Unsurprisingly, privacy as a concept dates back to early human history, beginning in earnest with philosophical arguments put forth by Aristotle relating to the “public” and “private” spheres of life. Much later on, the Fourth Amendment to the U.S. Constitution recognized the importance of privacy by providing for “The right of the people to be secure in their persons, houses, papers, and effects”. However, it wasn’t until 1890, with the publication of “The Right to Privacy” by Louis Brandeis and Samuel Warren in the Harvard Law Review, that a strong basis for information privacy in the U.S. was established. At the time during which this article was written, the advent of the camera and tabloid journalism had begun to threaten the private lives of individuals in new and unprecedented ways. Likewise, the importance of the internet and other forms of information technology in our daily lives makes an understanding of privacy and a discussion of its legal regulation more important than ever.
Companies manage a tremendous amount of information that can be compromising on an individual basis, including health records and financial information. However, this is not the only potentially dangerous information out there, nor is all of it information that is released by the individual to whom it pertains. In fact, a great deal of it is generated through the tracking of browsing and social media behavior. Collecting and processing these small pieces of information can lead to results that the individuals who released the information (with or without their knowledge) had not intended; for example, researchers recently determined that they can reasonably predict gender, sexual orientation, race, drug and alcohol use, relationship status, parental divorce, and political and religious affiliations simply by analyzing the Facebook likes of the individual under analysis.
Given the sensitivity of all this information, how should it be handled? What are the legal and professional obligations that businesses have when using the information of others? In general, U.S. law is guided by the concept of “reasonable expectation of privacy”, an objective determination of in what situations privacy can be expected and in what situations it cannot be. However, legal guidelines in the U.S. with respect to privacy are rather complicated; the U.S., unlike other entities like the EU and Argentina, has no unifying privacy law, but rather a series of laws that have been developed when necessary and over a great deal of time.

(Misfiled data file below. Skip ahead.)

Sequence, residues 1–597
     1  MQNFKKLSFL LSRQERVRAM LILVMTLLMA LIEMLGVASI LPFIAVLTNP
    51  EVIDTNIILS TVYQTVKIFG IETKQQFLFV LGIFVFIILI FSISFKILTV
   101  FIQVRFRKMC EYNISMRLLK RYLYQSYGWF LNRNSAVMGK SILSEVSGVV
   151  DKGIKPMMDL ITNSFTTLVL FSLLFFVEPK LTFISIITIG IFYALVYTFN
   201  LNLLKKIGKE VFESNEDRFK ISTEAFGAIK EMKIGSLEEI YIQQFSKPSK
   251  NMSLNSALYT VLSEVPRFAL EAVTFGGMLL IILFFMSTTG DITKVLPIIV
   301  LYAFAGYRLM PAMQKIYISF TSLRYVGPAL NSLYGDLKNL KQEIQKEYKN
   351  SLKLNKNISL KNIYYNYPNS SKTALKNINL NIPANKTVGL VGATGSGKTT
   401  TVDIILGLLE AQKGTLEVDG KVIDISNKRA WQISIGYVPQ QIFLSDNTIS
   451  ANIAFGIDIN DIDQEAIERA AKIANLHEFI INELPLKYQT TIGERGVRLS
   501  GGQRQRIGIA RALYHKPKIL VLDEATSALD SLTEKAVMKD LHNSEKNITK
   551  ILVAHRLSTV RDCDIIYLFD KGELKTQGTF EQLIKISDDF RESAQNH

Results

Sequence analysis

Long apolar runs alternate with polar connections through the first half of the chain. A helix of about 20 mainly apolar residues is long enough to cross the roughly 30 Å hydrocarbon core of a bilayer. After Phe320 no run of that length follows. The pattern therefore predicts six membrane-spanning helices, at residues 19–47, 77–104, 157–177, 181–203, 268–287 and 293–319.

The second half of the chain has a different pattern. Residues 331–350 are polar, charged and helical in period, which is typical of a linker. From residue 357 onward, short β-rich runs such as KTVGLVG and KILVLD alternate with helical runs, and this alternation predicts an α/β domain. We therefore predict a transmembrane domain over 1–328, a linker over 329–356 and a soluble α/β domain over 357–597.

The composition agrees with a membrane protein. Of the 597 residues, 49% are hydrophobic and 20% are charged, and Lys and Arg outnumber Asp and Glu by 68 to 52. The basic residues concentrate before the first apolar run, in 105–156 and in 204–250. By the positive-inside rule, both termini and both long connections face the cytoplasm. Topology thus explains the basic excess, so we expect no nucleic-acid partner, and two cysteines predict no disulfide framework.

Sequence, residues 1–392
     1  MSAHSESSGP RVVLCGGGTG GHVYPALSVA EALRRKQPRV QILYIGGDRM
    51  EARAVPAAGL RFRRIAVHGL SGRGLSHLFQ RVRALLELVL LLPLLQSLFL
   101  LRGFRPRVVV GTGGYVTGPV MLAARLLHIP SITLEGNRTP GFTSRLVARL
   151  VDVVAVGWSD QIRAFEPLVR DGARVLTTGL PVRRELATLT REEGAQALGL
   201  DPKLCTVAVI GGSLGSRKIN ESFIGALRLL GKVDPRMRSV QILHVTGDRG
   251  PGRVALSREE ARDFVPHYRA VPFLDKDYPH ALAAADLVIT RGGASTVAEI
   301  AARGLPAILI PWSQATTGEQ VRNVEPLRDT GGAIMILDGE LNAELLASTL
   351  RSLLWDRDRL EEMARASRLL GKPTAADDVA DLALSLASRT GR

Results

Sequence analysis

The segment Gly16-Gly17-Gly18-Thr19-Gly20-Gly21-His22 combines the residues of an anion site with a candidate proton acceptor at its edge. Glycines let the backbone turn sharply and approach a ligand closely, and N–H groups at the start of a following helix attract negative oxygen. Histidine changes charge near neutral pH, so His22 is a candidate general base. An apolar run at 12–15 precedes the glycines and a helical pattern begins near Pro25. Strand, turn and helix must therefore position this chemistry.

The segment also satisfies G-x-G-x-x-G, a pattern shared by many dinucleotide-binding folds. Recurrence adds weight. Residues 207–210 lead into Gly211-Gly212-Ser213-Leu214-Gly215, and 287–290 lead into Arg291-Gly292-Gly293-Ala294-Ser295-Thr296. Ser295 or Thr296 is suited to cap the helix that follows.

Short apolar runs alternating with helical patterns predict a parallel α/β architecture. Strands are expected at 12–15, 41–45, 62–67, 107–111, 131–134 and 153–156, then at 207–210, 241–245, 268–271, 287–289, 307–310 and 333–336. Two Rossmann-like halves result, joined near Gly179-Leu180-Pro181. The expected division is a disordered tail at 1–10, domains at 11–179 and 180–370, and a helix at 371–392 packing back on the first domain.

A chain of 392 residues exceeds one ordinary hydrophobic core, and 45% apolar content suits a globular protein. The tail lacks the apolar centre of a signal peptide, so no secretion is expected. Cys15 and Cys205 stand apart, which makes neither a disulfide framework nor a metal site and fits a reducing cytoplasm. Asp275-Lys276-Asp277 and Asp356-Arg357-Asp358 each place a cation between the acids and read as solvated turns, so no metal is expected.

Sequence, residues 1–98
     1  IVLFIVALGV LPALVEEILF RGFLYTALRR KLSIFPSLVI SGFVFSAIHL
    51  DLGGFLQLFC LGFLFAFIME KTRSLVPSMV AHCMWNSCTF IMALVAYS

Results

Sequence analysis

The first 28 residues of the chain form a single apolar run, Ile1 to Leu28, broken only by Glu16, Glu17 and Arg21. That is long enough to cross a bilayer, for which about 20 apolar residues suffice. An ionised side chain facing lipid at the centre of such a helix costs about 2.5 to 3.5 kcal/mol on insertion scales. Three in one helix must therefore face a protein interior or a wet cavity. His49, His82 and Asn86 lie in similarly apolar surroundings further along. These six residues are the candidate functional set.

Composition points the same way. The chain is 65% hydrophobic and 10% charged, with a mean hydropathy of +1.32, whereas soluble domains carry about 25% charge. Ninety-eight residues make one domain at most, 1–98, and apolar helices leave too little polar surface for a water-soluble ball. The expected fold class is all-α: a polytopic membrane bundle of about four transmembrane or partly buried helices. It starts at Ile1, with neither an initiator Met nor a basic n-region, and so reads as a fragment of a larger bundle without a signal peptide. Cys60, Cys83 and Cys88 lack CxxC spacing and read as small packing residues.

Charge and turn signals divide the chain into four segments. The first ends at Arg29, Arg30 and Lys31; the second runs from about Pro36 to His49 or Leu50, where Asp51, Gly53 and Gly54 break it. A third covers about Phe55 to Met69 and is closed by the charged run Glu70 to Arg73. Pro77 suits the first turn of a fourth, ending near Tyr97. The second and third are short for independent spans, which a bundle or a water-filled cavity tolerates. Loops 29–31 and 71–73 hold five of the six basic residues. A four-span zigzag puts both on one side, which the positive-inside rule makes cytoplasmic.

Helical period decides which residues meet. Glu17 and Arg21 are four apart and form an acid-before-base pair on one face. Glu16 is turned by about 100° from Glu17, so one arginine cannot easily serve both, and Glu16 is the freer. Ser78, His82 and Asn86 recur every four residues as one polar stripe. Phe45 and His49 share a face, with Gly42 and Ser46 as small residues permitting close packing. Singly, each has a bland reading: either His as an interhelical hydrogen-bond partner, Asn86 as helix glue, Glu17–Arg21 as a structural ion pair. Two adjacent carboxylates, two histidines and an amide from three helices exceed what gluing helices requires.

Certain kinds of information are broadly protected by a single piece of legislation. For example, Protected Health Information (which not only includes health information itself, but other data like payment history) is covered by the Health Insurance Portability and Accountability Act. Generally speaking, though, the Federal Trade Commission’s Fair Information Practices, published in 1998, serve as a guideline to businesses and lawmakers (indeed, these guidelines were later adapted and modified by other countries and international organizations). While these guidelines are non-binding, strictly speaking, they were the result of negotiations between the U.S. government during the Clinton administration and industry representatives, and so there is a certain expectation of self-regulation. While abiding by these guidelines is advisable and certainly a good first step, it is still nonetheless very important to research and abide by all applicable laws on the local, state, and federal level. For more information on the danger in holding this information and the reasoning behind making laws to regulate it, refer to our e-book about Cyber Insurance.
In our next blog post, we will address some of the implications of the current legal situation and the cultural differences in perceptions of privacy. We’ll also address some additional actions you can take with respect to insurance and risk management, above and beyond those covered in the guidelines discussed above.